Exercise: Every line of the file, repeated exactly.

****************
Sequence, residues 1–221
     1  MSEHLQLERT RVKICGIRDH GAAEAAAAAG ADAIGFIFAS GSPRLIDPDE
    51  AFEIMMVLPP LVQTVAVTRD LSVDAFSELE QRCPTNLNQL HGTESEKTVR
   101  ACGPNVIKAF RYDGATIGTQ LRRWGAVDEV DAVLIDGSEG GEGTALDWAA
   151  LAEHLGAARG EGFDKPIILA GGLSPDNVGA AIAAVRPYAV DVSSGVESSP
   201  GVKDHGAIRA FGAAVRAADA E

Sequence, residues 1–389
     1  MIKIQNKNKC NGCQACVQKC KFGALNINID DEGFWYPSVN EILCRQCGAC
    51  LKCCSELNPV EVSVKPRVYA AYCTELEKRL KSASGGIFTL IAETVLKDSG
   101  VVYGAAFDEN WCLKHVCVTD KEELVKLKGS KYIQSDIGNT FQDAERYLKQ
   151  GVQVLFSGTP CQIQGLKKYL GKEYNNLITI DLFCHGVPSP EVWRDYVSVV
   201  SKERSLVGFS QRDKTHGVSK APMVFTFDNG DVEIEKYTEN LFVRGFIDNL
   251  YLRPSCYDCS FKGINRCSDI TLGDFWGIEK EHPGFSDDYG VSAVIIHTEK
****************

Sequence, residues 1–221
     1  MSEHLQLERT RVKICGIRDH GAAEAAAAAG ADAIGFIFAS GSPRLIDPDE
    51  AFEIMMVLPP LVQTVAVTRD LSVDAFSELE QRCPTNLNQL HGTESEKTVR
   101  ACGPNVIKAF RYDGATIGTQ LRRWGAVDEV DAVLIDGSEG GEGTALDWAA
   151  LAEHLGAARG EGFDKPIILA GGLSPDNVGA AIAAVRPYAV DVSSGVESSP
   201  GVKDHGAIRA FGAAVRAADA E

Sequence, residues 1–389
     1  MIKIQNKNKC NGCQACVQKC KFGALNINID DEGFWYPSVN EILCRQCGAC
    51  LKCCSELNPV EVSVKPRVYA AYCTELEKRL KSASGGIFTL IAETVLKDSG
   101  VVYGAAFDEN WCLKHVCVTD KEELVKLKGS KYIQSDIGNT FQDAERYLKQ
   151  GVQVLFSGTP CQIQGLKKYL GKEYNNLITI DLFCHGVPSP EVWRDYVSVV
   201  SKERSLVGFS QRDKTHGVSK APMVFTFDNG DVEIEKYTEN LFVRGFIDNL
   251  YLRPSCYDCS FKGINRCSDI TLGDFWGIEK EHPGFSDDYG VSAVIIHTEK